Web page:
Pageant organizers remember founder
A Jamestown tradition, the Christmas Eve pageant, continues this year at 5 p.m. Monday, Dec. 24, weather permitting. But for the first time in its 37-year-long history, the event will unfold without founder Jeanne Bunkley, who died this year at 94.
Bunkley, an artist who became known for her portraits and landscape paintings, started the pageant in 1975. She modeled the production after a living nativity she remembered from her childhood in Bronxville, N.Y., and was adamant about opposing any departures from the original format, Nancy Cloud remembers.
Year after year, people sang the exact same Christmas carols Bunkley once sang in New York. The farm animals were the only part of the production that came and went.
“It obviously meant something to her,” Martha Milot said. “To me, one of the things that was important was the formula we had was very good. Joseph was always an outstanding man, and the three kings had made contributions to the community.”
The littlest angel was a standout student in second grade, and Mary was an outstanding eighth-grader. The Boy Scouts played the shepherds, and the Girl Scouts were the other angels.
Over the years, the pageant became literally a feather in Bunkley’s cap, according to Cloud. She remembered Bunkley, decked out in a felt hat with a pheasant feather, directing the performance.
“On the night of the performance, everyone had their own space,” Cloud said. “Jeanne stood there, and she was the director. She always had that hat.” She even painted herself wearing the felt hat in one of her self-portraits, Cloud said.
“She wanted it just right. Just so,” Cloud said.
“The formula was terrific,” Milot said. “There are a lot of nice things about Jamestown, but the pageant is one of the nicest.”
In retrospect, Cloud said, the secret to the pageant’s success may be due to Bunkley’s take-charge style.
“Her being such a fathead about it is why it worked,” Cloud laughed. “Being strong willed and doing the same thing every year made it easy and repeatable. It is sort of extraordinary.”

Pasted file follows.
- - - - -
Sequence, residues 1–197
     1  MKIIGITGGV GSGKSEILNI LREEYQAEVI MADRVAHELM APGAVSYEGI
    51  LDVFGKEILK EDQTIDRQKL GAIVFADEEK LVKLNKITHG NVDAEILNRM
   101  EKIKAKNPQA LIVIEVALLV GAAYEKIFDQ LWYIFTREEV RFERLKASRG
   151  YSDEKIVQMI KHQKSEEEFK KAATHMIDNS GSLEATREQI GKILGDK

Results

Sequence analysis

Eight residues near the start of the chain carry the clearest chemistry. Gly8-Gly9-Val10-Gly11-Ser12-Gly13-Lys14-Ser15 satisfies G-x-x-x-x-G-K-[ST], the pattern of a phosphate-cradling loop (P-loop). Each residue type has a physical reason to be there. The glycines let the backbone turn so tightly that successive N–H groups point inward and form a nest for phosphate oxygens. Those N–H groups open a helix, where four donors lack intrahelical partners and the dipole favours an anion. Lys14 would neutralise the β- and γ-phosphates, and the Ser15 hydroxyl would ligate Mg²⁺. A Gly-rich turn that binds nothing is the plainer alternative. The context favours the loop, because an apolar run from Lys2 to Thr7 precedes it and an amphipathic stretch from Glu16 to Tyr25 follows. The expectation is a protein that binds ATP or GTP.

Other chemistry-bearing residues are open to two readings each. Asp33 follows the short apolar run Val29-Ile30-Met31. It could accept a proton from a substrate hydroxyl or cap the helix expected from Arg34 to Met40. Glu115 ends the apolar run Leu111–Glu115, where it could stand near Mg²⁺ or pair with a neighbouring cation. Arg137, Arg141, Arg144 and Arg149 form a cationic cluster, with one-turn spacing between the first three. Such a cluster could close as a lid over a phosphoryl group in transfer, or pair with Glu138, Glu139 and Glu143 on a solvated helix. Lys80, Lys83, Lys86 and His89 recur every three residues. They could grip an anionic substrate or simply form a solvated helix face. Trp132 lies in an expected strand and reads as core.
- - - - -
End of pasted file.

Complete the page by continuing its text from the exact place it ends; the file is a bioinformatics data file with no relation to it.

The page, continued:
Cloud said Bunkley had almost distilled the entire effort into one Saturday dress rehearsal and then the show.
Milot said they had one meeting at Bunkley’s house in Shoreby Hill, and then they picked up the costumes and went to the dress re- hearsal.
“It worked,” Milot said. “Christmas is Christmas. It brings together all kinds of people, and it doesn’t make a difference what religious affiliation people have or if they have none.”
Milot said she attends the pageant every year and is moved to tears.
Cloud said she has stopped going to the pageant because she no longer lives in Shoreby Hill, but when she did, she liked to step back from the procession and observe a sight she initially discovered accidentally.
“Once I saw it, I would capture it every year,” she said. “Instead of being in line, I stepped away and you just see marching through town – past the bakery and Bay View – this assortment of wings and shepherds and kings with crowns. It would make you weep.”
Nonetheless, Cloud tried several times to convince Bunkley to make changes. Specifically, she argued that “Joy to the World” belonged in the pageant, and “O Little Town of Bethlehem” should go.
“’O Little Town of Bethlehem’ is so poopy,” Cloud remembers saying. “Nobody knows the words.”
Bunkley’s reply was straightforward.
“She said ‘no,’” Cloud remembered.
“Jeanne could rule with an iron hand, but thank heaven she brought it here,” Milot said.
Milot, Cloud and Wharton “Tinny” Biddle belong to the old gang who used to help Bunkley put on the pageant, according to Mary Waddington. Waddington will direct the pageant this year for the third consecutive time.
“Everyone knew Jeanne,” Biddle said. “Jeanne was kind of a staple of Jamestown.”
Biddle described Bunkley as a “war horse” and said she had cheated death several times.
She stayed active. In her 80s, Bunkley played paddle tennis, Milot said. She used to arrive at the Conanicut Yacht Club wearing loafers, which was not a good choice of footwear for the paddle tennis court.
“She was a good golfer,” Cloud said. “She’d call me up on an afternoon to play.” They entered a tournament and ultimately had to face each other. Cloud won.
Milot brought Bunkley to the Christmas Eve pageant two years ago. Bunckley was 92 and had trouble walking, Milot said, but her mind was clear. “The last thing she said was, ‘Are we going to go and get a drink?’”